Banks are avoiding what appears to be a looming rate war by sticking to five-year fixed rates at or around 3.09 per cent even as other lenders race toward 2.84 per cent.
“Banks are keeping to their rates because to them anything other than profit is irrelevant,” said James Robinson, a Toronto agent with the Mortgage Centre. “ING is offering 2.99 per cent on fixed five-year terms for their top-tier clients, but pretty much everyone else, including mono-lines, is offering around 3.09 per cent.”
A quick check of the Big Five’s websites Monday reveals that officially, at least, BMO is offering 3.29 per cent, CIBC, a special rate of 3.94 per cent, and Scotiabank, 3.99 per cent. TD and RBC have no official discount on their respective five-year fixed product, now at 5.24 per cent.
However, those advertised rates are likely quite removed from what clients are finding in the branches, said Ad Lakhanpal, an Oakville-based broker with Mortgage Alliance.
“TD is offering us 3.39 per cent on their fixed five-year term,” he told MortgageBrokerNews.ca. “But they can offer lower rates through their own channel or to their walk-in clients.”
Current bond yields suggest the banks still have room to lower their rates.
“The recent high demand for the Canadian dollar will further lower bond yields so we can expect the mortgage rates to stay down,” said Lakhanpal, anticipating bank rates will eventually dip lower. “Rates will likely go down to less than 3 per cent.”
Rate rivalry among lenders appeared to heat up last Thursday when Xceed began offering clients 2.84 per cent on its five-year fixed mortgage. The reduced rate is being offered until Aug. 31.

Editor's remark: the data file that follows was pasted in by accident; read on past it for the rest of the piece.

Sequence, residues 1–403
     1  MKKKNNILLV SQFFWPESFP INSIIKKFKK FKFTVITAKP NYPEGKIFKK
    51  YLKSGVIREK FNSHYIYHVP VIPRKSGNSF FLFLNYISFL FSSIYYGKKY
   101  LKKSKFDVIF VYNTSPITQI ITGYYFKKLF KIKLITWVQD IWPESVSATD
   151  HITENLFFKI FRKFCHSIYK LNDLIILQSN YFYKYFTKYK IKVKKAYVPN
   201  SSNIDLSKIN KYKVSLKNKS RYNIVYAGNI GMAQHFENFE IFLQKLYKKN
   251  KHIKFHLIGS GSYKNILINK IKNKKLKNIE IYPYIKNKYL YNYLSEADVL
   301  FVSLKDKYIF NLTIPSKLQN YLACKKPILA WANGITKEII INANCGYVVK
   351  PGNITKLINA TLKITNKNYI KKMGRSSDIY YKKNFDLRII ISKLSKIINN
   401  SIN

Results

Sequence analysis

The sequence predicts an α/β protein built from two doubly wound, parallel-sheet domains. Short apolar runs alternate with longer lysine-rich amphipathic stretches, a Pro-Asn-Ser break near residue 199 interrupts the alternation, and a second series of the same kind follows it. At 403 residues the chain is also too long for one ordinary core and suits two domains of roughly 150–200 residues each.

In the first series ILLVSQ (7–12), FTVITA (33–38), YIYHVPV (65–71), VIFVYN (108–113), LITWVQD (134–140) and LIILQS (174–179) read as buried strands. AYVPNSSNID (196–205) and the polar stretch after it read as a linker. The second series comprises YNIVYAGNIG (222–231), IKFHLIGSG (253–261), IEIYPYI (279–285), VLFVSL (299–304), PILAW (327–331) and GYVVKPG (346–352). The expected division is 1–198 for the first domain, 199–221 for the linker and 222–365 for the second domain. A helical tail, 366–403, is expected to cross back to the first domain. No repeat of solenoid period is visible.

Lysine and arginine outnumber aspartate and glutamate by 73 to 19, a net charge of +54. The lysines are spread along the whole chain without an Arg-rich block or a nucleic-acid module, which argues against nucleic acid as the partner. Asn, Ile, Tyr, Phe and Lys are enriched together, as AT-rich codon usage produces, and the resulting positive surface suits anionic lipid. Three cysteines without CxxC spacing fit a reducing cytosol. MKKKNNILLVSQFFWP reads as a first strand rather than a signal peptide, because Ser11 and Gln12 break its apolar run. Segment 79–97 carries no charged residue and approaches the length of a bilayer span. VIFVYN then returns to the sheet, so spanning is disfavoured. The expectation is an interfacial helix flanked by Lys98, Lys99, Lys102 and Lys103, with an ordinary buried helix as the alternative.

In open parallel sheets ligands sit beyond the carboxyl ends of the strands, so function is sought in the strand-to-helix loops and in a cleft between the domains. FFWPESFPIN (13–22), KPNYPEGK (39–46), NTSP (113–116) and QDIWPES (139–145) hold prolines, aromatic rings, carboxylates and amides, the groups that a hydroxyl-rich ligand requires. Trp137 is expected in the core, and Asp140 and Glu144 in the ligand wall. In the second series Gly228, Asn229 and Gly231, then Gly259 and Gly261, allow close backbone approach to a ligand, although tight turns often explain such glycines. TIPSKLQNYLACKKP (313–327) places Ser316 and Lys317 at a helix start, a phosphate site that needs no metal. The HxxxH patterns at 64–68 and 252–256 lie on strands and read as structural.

The reduction came at a time when the industry is seeing an increasing number of lenders offering 2.99 per cent on a five-year term. For example, True North Mortgage also recently dropped its best five-year rate to 2.89 per cent.
The Web site Ratehub.ca lists the lowest five-year fixed term at 2.89 per cent as of today.
Some industry experts believe the banks are holding back to appease the government in its drive to curb household debt and discourage vulnerable consumers from taking on housing debt they can’t afford.
Also S&P downgraded its outlook on several Canadian banks from “stable” to “negative.” Those downgraded were RBC, TD, Scotiabank, National Bank of Canada, Laurentian, Central 1 Credit Union and Home Capital Group.
"The current mix of international and domestic macroeconomic conditions could bring about a rising level of unemployment and further constrain income growth for Canadian workers," S&P warned last Friday. "These developments may potentially impair consumers' debt servicing capacity and amplify Canada's vulnerability to a housing market correction at some point in the future.”